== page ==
To the few readers that I have left at what if? - my apologies for so few postings in recent times. As much as I do enjoy sharing columns, cartoons and photos here, time for blogging has been extremely limited. With a full time job, caring for my aging parents and frequent trips to visit them, my passion for bridge and photography - plus friendships and the every day necessities of life... Too often, I am out of time for anything else. It is not that I no longer care about my online friends, my personal blog nor the issues. It is merely that I need a 32 hour day; 24 doesn't cut it!
For the next 3 weeks, I will be at a bridge tournament every day but 2! Add that in to all of the above commitments - and - don't plan to see me 'till at least mid-August. In the meantime, however, some thoughts about two of many important issues that face us today.
The first is the Trayvon Martin case. I did not follow almost any of the court proceedings; partially due to all of the above and partially because I have more concern about broader issues than any specific incident. Nevertheless, the greater principles involved here concern me greatly.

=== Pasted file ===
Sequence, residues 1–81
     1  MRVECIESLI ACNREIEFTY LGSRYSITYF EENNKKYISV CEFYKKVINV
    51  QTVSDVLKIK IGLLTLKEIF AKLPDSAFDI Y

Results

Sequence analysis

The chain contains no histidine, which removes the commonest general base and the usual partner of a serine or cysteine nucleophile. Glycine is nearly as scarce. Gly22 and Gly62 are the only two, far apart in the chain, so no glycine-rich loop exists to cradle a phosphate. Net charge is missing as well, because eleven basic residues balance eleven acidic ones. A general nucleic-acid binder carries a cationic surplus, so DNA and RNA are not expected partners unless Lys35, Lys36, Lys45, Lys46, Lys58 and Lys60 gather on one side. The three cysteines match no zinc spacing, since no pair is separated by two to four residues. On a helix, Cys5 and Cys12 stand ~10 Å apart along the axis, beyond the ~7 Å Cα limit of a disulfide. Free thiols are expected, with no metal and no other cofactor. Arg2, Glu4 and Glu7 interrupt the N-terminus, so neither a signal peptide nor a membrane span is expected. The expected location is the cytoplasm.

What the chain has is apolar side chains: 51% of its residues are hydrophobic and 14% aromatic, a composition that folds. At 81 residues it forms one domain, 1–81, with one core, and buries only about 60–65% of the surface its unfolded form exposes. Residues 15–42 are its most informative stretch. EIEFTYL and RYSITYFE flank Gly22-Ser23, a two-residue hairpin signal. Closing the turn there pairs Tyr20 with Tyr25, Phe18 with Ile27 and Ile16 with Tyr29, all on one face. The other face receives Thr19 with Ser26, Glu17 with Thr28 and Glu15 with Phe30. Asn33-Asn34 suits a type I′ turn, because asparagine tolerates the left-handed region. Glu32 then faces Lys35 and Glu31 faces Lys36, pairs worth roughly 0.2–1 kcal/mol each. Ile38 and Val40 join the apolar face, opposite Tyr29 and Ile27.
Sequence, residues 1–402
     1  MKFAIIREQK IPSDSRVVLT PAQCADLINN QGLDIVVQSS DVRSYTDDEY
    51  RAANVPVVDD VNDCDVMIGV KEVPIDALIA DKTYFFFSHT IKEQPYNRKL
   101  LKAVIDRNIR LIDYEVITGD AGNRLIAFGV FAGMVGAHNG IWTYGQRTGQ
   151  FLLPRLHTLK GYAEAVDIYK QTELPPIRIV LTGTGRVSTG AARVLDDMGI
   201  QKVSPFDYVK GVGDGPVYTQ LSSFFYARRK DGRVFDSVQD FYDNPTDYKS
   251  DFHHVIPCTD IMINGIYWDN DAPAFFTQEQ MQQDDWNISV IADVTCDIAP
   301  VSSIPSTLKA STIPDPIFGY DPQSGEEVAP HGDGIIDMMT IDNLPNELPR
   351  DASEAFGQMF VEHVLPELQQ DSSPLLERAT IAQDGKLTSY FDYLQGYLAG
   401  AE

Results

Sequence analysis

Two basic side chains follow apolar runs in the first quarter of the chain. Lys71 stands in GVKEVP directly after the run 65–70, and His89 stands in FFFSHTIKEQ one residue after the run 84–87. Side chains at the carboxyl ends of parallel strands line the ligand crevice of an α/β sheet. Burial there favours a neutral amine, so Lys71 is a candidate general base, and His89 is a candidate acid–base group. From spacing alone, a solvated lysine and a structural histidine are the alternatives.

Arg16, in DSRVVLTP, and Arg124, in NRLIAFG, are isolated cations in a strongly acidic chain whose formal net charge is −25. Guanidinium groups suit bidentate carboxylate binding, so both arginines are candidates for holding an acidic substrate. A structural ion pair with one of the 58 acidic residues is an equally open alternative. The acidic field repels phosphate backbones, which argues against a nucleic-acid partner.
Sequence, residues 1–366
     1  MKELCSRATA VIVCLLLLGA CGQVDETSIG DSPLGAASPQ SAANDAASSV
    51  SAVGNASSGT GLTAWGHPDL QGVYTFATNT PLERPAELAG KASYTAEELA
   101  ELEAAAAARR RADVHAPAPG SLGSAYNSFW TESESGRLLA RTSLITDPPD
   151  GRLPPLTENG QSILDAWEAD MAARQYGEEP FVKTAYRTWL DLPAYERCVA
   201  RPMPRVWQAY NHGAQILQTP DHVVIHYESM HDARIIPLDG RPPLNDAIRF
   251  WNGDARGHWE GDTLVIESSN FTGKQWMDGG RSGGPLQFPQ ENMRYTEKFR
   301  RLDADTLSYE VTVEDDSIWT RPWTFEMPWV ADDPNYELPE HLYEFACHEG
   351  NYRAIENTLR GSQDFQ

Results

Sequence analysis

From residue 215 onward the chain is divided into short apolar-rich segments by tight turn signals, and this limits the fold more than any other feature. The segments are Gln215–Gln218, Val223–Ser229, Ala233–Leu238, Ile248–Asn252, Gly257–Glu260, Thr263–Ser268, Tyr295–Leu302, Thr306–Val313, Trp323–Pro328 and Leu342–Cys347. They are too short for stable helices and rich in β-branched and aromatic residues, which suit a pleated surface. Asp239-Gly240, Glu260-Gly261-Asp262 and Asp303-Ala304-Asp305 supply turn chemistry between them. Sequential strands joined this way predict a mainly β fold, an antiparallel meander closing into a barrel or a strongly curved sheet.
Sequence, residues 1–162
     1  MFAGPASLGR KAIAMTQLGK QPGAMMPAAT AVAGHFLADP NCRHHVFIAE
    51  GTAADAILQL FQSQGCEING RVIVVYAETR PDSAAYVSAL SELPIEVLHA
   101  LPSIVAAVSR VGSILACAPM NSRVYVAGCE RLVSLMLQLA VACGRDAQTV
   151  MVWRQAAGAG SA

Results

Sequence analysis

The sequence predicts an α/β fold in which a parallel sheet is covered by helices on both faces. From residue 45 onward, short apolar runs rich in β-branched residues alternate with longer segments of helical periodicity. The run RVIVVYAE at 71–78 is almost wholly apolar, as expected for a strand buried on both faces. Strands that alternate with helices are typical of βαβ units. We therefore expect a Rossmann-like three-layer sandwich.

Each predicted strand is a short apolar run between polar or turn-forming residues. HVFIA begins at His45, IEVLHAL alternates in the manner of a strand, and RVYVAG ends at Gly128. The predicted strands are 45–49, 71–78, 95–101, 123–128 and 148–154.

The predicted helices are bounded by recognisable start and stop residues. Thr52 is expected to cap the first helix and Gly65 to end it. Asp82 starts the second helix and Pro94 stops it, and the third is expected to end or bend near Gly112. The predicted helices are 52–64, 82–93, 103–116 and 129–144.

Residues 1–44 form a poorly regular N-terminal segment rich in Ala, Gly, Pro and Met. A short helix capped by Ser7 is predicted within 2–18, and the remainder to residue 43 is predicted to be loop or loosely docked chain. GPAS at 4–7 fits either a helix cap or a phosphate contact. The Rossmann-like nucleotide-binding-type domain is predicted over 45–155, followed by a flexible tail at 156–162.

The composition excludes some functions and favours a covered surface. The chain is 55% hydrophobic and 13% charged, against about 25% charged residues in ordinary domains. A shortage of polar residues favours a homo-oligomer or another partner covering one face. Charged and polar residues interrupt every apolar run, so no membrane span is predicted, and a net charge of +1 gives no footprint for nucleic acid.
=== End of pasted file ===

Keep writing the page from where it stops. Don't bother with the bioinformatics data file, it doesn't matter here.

Without a doubt, our nation has had a history with black people that is filled with shame, horror, deep inequities and pain. Nothing can ever wash that away. Nothing can nor should ever make us forget this history. Nevertheless, whatever has happened - we must move forward, and we must do it in as positive a fashion as is possible. Unfortunately, the Martin/Zimmerman case highlights too much of the worst of us, rather than the better.
Zimmerman was tried in a court of law and found to be not guilty. A jury listened to testimony and evidence for many days, and came to this decision. While we surely can debate the facts and interpretation and differ with one another, what we should not doubt is that overall, our system functioned and worked as it ought.
Moreover, this case was not about race. And for those who make it such, as President Obama and many other leaders have done, both diminishes and harms us all.
When I was a child, Jim Crow was still the law of the land in many parts of our nation. In places where it was not, blacks faced prejudice, unequal justice under the law, and raw hate. Yet, somehow, our nation moved forward. We passed civil rights legislation. We had affirmative action to make an attempt to do something positive about past wrongs. And - ultimately, we saw great movement forward.
Today, blacks can be found at the highest levels in literally every aspect of our society: CEO's, entertainers and sports heros, physicians, scientists, entrepreneurs ... and politicians (like a president! :) ). While racism has by no means died, the color of your skin is no longer a barrier.
Thus, our leaders - such as our president - should be exhorting all of us toward positive steps and thinking - rather than fanning the flames of hate, separation and racism. Instead of inflammatory comments like "I could have been Trayvon," our president should be talking about opportunities and hope for all of us.